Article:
Sortino v. Miller

Annotate this Case

335 N.W.2d 284 (1983)

214 Neb. 592

Michael L. SORTINO, Appellant, v. Steven MILLER and Cablevision of Plattsmouth, Inc., a Nebraska corporation, Appellees.

No. 82-609.

Supreme Court of Nebraska.

June 10, 1983.

*285 Alan H. Kirshen, Omaha, for appellant.

James P. Waldron of Nelson, Morrow & Waldron, Omaha, for appellee Miller.

Melvin C. Hansen, Jr., of Hansen, Engles & Locher, P.C., Omaha, for appellee Cablevision of Plattsmouth.



This is an appeal from a finding on rehearing by the Nebraska Workmen's Compensation Court that the plaintiff, Michael L. Sortino, failed to show by a preponderance of the evidence the existence of an employer-employee relationship between himself and the defendants. The compensation court found Sortino was not acting as an employee of the defendants but, rather, more in the character of an independent contractor; therefore, Sortino was not entitled to workmen's compensation benefits from the defendants for injuries he sustained while working. We agree.

Sortino has assigned several errors to the findings of the compensation court. He argues that (1) there is no evidence in the record to support the court's finding that Sortino was able to substitute the services of another for his own; (2) the court erred in finding Sortino is not an employee of Miller, and in making no finding as to Sortino's employment relationship with Cablevision of Plattsmouth, Inc. (Cablevision); (3) it was error for the court to refuse to permit evidence of admission by Cablevision's agent of its employer status; and (4) the court erred in refusing to permit direct evidence about Sortino's reduced earning capacity.

Plaintiff, Michael L. Sortino, has worked installing cable televisions in Plattsmouth, Nebraska, since early 1981. He originally worked through the contract Steve Hunt had with Cablevision. When Hunt lost his contract in the spring of 1981, Sortino attempted to gain a contract of his own with Cablevision. He was unable to obtain such a contract. Steven Miller was awarded a contract to do installations for Cablevision in February or March of 1981. Soon thereafter, Miller, Sortino, and Cablevision agreed Sortino could work through Miller's contract. Under this arrangement, each day Miller, Sortino, and other installers would simply go to the Cablevision offices and pick up a set of work or installation orders. Each worker would go in his own vehicle and complete those orders, using his own tools.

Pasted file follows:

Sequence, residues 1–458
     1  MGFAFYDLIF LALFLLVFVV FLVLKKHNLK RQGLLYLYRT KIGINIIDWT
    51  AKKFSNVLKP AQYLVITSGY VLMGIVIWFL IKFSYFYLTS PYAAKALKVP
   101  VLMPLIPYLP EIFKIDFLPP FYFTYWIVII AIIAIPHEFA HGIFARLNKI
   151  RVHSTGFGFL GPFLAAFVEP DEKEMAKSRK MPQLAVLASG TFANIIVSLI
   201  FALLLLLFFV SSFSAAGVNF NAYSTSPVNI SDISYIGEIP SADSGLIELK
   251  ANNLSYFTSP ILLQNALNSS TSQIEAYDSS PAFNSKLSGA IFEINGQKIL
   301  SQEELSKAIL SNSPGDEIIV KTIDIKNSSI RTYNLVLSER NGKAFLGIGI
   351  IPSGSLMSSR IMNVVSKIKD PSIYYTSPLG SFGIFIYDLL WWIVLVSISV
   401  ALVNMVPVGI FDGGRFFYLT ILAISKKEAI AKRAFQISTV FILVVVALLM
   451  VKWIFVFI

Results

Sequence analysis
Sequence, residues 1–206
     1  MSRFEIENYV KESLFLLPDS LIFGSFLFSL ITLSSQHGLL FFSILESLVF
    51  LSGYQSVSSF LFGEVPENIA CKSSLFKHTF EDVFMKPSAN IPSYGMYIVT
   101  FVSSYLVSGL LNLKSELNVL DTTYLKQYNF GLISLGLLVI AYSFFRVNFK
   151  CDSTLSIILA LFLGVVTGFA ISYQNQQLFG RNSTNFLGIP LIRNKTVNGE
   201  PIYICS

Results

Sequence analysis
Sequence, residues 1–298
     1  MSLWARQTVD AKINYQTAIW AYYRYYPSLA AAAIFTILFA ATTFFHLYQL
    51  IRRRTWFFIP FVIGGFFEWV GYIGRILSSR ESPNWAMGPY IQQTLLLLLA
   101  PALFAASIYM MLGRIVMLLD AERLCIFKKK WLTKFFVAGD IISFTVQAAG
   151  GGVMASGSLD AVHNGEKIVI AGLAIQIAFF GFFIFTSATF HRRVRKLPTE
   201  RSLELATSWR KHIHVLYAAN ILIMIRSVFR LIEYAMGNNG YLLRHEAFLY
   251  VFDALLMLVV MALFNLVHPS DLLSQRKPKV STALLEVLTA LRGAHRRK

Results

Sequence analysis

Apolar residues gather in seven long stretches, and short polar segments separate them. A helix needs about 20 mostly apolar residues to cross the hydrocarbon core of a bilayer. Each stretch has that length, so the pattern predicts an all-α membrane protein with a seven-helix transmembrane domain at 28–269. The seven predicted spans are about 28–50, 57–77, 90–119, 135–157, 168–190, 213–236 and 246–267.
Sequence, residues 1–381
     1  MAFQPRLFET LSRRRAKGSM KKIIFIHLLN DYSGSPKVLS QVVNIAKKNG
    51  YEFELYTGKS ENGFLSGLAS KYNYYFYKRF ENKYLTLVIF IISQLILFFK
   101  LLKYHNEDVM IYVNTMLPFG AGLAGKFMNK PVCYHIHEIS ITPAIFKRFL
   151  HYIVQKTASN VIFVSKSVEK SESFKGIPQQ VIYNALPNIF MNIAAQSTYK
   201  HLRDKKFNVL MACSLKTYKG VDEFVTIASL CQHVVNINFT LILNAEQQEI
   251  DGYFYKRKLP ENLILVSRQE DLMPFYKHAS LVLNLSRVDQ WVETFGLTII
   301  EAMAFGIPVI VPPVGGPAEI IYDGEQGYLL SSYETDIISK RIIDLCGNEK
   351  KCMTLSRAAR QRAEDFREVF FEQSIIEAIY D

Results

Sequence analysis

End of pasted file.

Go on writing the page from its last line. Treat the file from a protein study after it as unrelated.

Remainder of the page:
Each week Sortino would submit an invoice to Miller under the name of "Sortino Cable Contractor." Miller would in turn submit his and Sortino's completed work orders to Cablevision, receive payment, and finally remit to Sortino a check in the name of Sortino Cable Contractor for the work completed that week. No social security or income taxes were deducted from these checks. This was on a piecework basis. That is, for each given task, Sortino would be paid a flat rate. Under this arrangement Sortino worked his own hours and performed his work as he saw fit. Sortino hired a helper on his own initiative and paid the helper out of his own pocket. Miller testified that he exercised no control of any type over Sortino.